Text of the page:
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Suppose there's 2 classes : A and B.

A can operate on B.

I need to be able to query all B instances that A has operated on.

And for a specific B instance, I need to be able to query all A instances that have operated on it.

What's the elegant(in the OO taste..) solution for this kind of problem?

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It depends on what language you are using, but in theory you can create some kind of list, and every time an event is fired in which A operates on B you add to that list. The same goes for the other situation. – Keelx Jul 25 '11 at 1:57
Sound like observer pattern to me. If you use Java, maybe you need to extend some classes/interfaces – Hendra Jaya Jul 25 '11 at 2:04

2 Answers 2

In a language like Java I would do something like:

package com.whatever.blah;

public class A {
    private Set<B> patients = new HashSet<B>;

    public void operateOn(B patient) {

    public List<B> getPatients() {
        return patients;

public class B {
    private Set<A> surgeons = new HashSet<A>;

    //this has package access to `A` can access it but other classes can't
    void startRecoveringFromOperation(A theSurgeon) {

    public List<A> getSurgeons() {
        return surgeons;

This really isn't doing anything special, beyond using package access to allow A access to B's startRecoveringFromOperation() method while hiding the method from most other classes. In other languages you might use a different approach to accomplish this. For instance in C++ you might declare A as a friend of B instead.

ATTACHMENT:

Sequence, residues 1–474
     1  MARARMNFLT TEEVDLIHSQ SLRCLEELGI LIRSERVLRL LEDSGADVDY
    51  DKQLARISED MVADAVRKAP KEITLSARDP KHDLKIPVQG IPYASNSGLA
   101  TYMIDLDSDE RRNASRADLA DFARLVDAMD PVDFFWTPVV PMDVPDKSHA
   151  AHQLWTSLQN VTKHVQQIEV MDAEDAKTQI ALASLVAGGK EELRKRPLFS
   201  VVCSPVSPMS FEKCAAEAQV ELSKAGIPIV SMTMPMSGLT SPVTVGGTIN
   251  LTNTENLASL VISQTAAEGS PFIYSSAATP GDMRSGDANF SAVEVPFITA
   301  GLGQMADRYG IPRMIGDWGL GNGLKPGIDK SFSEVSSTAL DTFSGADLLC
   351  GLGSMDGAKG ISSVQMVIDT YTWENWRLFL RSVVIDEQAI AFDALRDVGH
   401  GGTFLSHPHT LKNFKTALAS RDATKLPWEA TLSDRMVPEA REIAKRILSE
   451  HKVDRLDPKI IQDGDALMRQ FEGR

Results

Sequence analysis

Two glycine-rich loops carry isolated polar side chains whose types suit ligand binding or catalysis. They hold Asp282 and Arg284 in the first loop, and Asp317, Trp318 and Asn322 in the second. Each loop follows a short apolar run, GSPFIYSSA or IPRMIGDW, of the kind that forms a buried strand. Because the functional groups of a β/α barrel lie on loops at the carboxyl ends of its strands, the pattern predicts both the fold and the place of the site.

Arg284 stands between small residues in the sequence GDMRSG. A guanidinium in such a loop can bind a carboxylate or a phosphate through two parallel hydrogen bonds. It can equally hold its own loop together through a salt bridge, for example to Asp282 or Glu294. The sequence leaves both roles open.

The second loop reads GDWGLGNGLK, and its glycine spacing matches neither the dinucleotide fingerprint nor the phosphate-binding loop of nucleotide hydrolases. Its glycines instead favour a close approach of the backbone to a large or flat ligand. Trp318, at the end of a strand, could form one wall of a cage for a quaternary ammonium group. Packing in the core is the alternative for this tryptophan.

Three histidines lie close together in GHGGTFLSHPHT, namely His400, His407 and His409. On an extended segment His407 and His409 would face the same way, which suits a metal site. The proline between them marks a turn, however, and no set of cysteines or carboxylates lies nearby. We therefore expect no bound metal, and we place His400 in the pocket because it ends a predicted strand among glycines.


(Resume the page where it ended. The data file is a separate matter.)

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It seems you're duplicating the data... Is is the most elegant design? BTW I don't see where's b defined.. – new_perl Jul 25 '11 at 2:29
This way I can only operate by A instance,but not by B instance... – new_perl Jul 25 '11 at 2:44
@new_perl - That b was a typo, it should have been patient (fixed now). I can't say if this is the most elegant design, as that would depend upon exactly what you want to accomplish with it. This is just one possible solution to the problem. It does store some redundant data to simplify the logic of finding every A for a given B. And yes, this only allows you to operate on B by going through A, because I assumed that was the desired usage pattern. If this doesn't suit your designs, you can of course modify it as you like. – aroth Jul 25 '11 at 4:23
import java.util.*;
class A {
    void operate(B b) {
    final Set<B> operatedOn = new HashSet<B>();
class B {
    final Set<A> operatedOnBy = new HashSet<A>();
public class Main {
    public static void main(String[] args) {
        A a=new A();
        B b=new B();
        System.out.println(a+" "+a.operatedOn);
        System.out.println(b+" "+b.operatedOnBy);
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